Wednesday, January 30, 2008

In Defense of Juno

With all the love Juno's been getting (even from those who don't buy its fairy-tale ending), there was bound to be some backlash. Yesterday New Yorker critic Sasha Frere-Jones kicked things off with some inchoate grumblings on his website, citing The Village Voice's review, which frames the problem this way:

Juno's knocked-up 15-year-old is at once provocatively precocious and primly pre-sexual. Her pregnancy is a miracle of bad luck—she simultaneously loses her virginity and conceives a baby. It's all but immaculate ... People love clever little Juno because she isn't really a teenager, let alone a person. Juno is an angel.

Today Frere-Jones follows up with a link to another scowling review; this one claws at the movie by dismantling its chart-climbing (and, according to the Washington Post, "insufferably twee") soundtrack, which it alleges features "the exploitation and fetishization of childlike naivete (and the Unexpectedly Articulate Wisdom there found), moving beyond interesting, beyond cute, into empty and nauseating self-absorption." Huh? The Juno I saw was certainly preciously wry (seeped in all those droll Moldy Peaches witticisms, how could it not be?), but the script and sountrack's stalwart cleverness struck me as good fun -- and hardly tiresome, let alone nauseating. Capped with Ellen Page's jaunty ponytail, even Juno's halo was easy to accept as a practical accoutrement and not a smug accessory. What's going on here? Today David Carr offers this theory on Juno haters in his Carpetbagger blog:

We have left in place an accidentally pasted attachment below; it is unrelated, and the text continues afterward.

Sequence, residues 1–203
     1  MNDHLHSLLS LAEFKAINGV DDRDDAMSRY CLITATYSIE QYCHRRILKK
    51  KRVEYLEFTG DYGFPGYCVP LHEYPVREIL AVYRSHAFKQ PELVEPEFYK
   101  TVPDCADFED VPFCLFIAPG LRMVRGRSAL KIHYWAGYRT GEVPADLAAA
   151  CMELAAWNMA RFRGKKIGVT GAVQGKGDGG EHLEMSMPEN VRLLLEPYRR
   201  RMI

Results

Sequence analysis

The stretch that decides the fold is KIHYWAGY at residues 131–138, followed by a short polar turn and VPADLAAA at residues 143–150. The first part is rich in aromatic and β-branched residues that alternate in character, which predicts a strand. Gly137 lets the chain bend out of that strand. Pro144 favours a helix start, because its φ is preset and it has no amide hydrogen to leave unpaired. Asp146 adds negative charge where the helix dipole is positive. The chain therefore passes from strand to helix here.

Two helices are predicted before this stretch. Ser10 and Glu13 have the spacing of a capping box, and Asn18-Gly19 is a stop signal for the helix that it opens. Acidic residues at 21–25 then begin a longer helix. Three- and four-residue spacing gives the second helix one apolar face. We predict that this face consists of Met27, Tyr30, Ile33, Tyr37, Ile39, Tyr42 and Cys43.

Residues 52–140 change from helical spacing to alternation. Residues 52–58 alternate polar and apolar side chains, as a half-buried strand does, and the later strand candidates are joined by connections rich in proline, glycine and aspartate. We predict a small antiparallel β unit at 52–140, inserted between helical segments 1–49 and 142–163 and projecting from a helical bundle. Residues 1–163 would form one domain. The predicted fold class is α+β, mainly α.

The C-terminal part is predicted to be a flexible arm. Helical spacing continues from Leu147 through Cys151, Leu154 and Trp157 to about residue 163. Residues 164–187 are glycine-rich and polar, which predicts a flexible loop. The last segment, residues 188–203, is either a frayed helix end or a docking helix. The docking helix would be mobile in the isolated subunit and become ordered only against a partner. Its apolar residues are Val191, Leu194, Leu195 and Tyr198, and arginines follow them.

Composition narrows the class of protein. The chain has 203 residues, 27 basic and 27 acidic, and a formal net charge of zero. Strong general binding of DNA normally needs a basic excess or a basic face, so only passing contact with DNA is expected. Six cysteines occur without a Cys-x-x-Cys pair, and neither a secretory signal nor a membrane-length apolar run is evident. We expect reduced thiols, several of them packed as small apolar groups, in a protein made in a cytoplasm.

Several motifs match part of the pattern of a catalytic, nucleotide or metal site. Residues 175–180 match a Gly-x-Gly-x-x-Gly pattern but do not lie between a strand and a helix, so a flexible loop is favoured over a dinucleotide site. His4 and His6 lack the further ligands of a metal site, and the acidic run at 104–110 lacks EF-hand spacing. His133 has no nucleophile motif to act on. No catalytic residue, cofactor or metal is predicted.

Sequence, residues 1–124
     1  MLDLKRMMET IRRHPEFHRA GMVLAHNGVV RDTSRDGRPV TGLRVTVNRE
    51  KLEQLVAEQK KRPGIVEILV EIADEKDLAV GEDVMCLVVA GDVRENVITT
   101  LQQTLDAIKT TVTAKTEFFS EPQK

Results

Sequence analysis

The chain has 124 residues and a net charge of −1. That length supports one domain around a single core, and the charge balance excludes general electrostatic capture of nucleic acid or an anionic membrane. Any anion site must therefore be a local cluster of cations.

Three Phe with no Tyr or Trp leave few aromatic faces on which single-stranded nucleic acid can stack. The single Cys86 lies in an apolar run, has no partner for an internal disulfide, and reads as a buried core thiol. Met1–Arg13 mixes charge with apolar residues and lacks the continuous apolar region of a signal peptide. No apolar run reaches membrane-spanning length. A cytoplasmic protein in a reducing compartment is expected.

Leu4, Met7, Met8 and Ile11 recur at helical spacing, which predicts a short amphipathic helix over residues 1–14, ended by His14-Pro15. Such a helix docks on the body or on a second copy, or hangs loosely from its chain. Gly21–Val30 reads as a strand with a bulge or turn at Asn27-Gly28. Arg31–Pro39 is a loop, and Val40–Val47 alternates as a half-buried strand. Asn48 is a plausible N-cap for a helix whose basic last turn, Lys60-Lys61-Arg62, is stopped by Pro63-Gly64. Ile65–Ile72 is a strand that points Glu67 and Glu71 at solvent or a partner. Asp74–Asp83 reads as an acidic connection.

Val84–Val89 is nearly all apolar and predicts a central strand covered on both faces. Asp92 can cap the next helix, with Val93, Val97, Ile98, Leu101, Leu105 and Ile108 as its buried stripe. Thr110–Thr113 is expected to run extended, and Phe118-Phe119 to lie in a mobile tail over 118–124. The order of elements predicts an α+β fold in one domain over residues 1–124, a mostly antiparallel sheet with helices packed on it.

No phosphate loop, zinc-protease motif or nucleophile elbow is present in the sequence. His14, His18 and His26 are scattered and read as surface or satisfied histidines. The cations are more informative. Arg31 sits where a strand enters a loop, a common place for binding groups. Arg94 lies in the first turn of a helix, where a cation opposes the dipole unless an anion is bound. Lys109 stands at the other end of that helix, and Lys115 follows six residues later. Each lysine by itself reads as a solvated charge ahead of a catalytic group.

As long as “Juno” sat in the corner and made cute, no biggie. But the $100 million stands as a mark against it and its potential to run up the middle between two serious films that split the best picture vote is sparking a low-level panic ... to suddenly kick something to the curb because it found an audience is the height of “rockism,” a critical mindset that suggests if a lot of people like something, there must be something terribly wrong with it.

Bingo! On that note, stay tuned for the Barry Louis Polisar backlash, which is surely soon to follow.

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